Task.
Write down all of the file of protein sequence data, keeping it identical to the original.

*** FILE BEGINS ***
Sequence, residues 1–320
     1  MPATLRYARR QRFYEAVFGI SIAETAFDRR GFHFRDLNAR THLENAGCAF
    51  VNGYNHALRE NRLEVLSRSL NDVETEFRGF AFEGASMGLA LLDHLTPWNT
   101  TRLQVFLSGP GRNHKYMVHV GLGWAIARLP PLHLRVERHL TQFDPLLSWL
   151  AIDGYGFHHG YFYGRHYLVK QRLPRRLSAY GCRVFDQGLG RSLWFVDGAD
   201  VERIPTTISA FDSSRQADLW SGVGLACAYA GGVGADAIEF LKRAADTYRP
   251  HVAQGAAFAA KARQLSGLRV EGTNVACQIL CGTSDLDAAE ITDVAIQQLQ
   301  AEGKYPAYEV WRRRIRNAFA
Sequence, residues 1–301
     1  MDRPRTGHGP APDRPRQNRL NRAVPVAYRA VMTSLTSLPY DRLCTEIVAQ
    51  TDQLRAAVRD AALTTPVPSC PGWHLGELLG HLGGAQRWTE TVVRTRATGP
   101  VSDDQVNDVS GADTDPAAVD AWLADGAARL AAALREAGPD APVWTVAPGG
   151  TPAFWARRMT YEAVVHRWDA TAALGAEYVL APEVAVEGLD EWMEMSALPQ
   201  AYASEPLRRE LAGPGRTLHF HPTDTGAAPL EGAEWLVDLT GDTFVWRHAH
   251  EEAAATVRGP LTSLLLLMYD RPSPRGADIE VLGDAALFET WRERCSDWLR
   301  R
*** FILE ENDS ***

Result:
Sequence, residues 1–320
     1  MPATLRYARR QRFYEAVFGI SIAETAFDRR GFHFRDLNAR THLENAGCAF
    51  VNGYNHALRE NRLEVLSRSL NDVETEFRGF AFEGASMGLA LLDHLTPWNT
   101  TRLQVFLSGP GRNHKYMVHV GLGWAIARLP PLHLRVERHL TQFDPLLSWL
   151  AIDGYGFHHG YFYGRHYLVK QRLPRRLSAY GCRVFDQGLG RSLWFVDGAD
   201  VERIPTTISA FDSSRQADLW SGVGLACAYA GGVGADAIEF LKRAADTYRP
   251  HVAQGAAFAA KARQLSGLRV EGTNVACQIL CGTSDLDAAE ITDVAIQQLQ
   301  AEGKYPAYEV WRRRIRNAFA
Sequence, residues 1–301
     1  MDRPRTGHGP APDRPRQNRL NRAVPVAYRA VMTSLTSLPY DRLCTEIVAQ
    51  TDQLRAAVRD AALTTPVPSC PGWHLGELLG HLGGAQRWTE TVVRTRATGP
   101  VSDDQVNDVS GADTDPAAVD AWLADGAARL AAALREAGPD APVWTVAPGG
   151  TPAFWARRMT YEAVVHRWDA TAALGAEYVL APEVAVEGLD EWMEMSALPQ
   201  AYASEPLRRE LAGPGRTLHF HPTDTGAAPL EGAEWLVDLT GDTFVWRHAH
   251  EEAAATVRGP LTSLLLLMYD RPSPRGADIE VLGDAALFET WRERCSDWLR
   301  R